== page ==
Following this logic, Ukraine's questioning whether the state-controlled entities may ultimately be liable for the judgment is not relevant. Nor does it need to be determined prior to discovery that the assets held by state-controlled entities are attachable. Pursuant to the rationale set forth in NML Cap., after assets have been identified through discovery, if there is a disputed question as to whether such assets are subject to attachment, this issue is ultimately left to the district court to decide. See NML Cap., 573 U.S. at 145. Accordingly, upon consideration of the parties' arguments and referenced case law, this Court finds that Pao Tatneft may request information from state-controlled entities or persons purporting to act for or on behalf of Ukraine, who may hold attachable assets on behalf of Ukraine or have information about Ukraine's assets.

E. Confidentiality of Information Sought

[27].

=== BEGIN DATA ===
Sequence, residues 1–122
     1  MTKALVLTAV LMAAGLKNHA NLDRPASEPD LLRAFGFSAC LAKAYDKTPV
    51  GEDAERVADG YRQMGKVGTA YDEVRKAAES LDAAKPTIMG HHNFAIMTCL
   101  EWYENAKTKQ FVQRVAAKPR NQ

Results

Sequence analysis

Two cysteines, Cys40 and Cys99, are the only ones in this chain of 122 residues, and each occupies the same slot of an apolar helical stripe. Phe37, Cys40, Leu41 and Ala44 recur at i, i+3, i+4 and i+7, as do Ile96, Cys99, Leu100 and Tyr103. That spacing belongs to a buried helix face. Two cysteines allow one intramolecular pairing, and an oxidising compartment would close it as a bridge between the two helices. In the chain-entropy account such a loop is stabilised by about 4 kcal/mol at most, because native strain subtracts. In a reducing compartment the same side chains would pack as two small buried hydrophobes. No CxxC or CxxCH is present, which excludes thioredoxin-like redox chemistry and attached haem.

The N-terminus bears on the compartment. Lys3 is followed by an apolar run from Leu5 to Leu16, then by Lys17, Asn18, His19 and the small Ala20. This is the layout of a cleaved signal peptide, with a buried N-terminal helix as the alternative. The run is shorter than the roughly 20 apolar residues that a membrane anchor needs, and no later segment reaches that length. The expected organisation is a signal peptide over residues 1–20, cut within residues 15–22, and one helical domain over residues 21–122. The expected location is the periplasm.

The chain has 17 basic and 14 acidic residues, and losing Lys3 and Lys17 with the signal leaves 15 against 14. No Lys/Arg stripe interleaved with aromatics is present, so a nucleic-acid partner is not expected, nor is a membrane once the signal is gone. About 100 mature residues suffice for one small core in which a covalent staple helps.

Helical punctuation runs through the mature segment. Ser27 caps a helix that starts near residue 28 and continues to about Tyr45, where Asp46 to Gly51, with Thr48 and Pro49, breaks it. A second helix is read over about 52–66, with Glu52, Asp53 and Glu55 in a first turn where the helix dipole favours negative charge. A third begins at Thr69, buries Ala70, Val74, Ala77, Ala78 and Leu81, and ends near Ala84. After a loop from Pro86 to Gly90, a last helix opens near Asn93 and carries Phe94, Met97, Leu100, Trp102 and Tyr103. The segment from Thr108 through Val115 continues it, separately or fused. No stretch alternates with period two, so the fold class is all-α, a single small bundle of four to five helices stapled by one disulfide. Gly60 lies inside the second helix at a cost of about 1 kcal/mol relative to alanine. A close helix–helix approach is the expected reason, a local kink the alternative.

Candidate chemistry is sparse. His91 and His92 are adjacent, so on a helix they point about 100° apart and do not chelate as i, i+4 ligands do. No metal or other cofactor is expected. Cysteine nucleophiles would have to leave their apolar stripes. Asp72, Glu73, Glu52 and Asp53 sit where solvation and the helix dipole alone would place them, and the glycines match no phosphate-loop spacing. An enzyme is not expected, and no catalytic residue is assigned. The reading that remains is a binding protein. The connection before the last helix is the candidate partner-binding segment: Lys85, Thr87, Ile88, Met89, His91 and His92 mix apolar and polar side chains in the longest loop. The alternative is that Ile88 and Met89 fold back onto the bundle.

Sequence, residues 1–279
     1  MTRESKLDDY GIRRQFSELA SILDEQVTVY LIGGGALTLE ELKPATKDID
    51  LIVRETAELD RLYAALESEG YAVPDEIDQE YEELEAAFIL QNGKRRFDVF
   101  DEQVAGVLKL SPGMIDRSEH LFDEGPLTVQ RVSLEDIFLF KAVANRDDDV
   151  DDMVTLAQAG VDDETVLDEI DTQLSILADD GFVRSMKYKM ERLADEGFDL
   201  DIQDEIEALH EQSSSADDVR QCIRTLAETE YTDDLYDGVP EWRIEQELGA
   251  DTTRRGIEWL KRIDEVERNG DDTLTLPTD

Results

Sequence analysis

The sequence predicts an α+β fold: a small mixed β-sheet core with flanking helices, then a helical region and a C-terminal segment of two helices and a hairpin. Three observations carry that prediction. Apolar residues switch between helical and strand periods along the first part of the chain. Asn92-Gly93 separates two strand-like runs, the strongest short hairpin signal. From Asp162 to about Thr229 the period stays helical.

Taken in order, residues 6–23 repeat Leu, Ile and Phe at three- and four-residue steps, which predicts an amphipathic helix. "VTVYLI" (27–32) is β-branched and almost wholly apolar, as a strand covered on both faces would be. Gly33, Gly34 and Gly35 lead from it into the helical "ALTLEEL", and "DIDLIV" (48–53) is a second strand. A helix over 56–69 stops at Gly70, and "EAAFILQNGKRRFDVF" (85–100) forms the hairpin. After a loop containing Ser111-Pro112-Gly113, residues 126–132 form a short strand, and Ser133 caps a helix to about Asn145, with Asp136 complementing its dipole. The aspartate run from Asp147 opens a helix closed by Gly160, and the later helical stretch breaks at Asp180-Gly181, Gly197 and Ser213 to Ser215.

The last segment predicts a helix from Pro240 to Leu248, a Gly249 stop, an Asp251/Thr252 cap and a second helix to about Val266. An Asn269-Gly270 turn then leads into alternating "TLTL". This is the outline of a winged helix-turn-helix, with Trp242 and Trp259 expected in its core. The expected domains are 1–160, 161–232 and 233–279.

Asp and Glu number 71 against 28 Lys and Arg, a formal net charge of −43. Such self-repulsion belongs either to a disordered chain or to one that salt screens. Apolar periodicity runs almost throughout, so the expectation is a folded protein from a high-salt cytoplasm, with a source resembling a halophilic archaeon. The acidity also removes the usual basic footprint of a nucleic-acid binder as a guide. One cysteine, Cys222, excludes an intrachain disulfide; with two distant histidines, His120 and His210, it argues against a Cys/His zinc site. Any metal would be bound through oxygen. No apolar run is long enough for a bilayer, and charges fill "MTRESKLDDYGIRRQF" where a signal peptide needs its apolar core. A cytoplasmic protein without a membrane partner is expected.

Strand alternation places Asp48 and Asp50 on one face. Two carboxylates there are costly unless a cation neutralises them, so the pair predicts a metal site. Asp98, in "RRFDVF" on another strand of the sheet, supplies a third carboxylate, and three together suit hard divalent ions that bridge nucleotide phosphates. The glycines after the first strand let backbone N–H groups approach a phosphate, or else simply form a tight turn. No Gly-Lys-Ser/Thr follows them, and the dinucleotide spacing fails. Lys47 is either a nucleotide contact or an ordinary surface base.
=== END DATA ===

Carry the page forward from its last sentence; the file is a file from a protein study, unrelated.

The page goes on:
Ukraine argues that Pao Tatneft is not "entitled to worldwide discovery of the most sensitive diplomatic, consular, military, and central banking information [but] [r]ather, the Court should 'closely consider ... sovereign interests in managing discovery, and ... prioritize discovery of those documents that are unlikely to prove invasive of sovereign immunity." Ukraine Opp'n, ECF No. 81, at 17 (emphasis deleted) (quoting Aurelius Cap. Master, 589 Fed. App'x at 18). Unfortunately, while Ukraine asserts that this Court should prioritize discovery of non-invasive documents, it has itself utterly failed to do so itself, as it has neither produced unobjectionable documents that it stated it would produce, nor has Ukraine proposed any plan whatsoever for a rolling production of documents based on whether such documents are more or less "invasive." Furthermore, Pao Tatneft argues that Ukraine relies upon "insufficient evidence" that its production of the documents requested by Pao Tatneft would violate "bank secrecy, commercial secrecy, and professional secrecy laws," or "confidentiality provisions in contracts with agents and trustees." Pao Tatneft Mot. to Compel, ECF No. 76, at 20; see Blackman Decl., Ex. 4, ECF No. 76-5, at 8 (asserting generally that documents cannot be produced "without violations of international law, U.S. law, Ukrainian law, or the law of the country in which the documents are located, including laws concerning bank secrecy, trade secrecy, commercial secrecy, and professional secrecy"), 12 ("Ukraine objects to the extent that the request seeks information about activities of its central bank or monetary authority that are protected under the FSIA and not relevant to enforcement, to the extent that the request seeks information that is restricted by applicable law, and to the extent that the request seeks information that is protected by confidentiality provisions in contracts with agents and trustees.")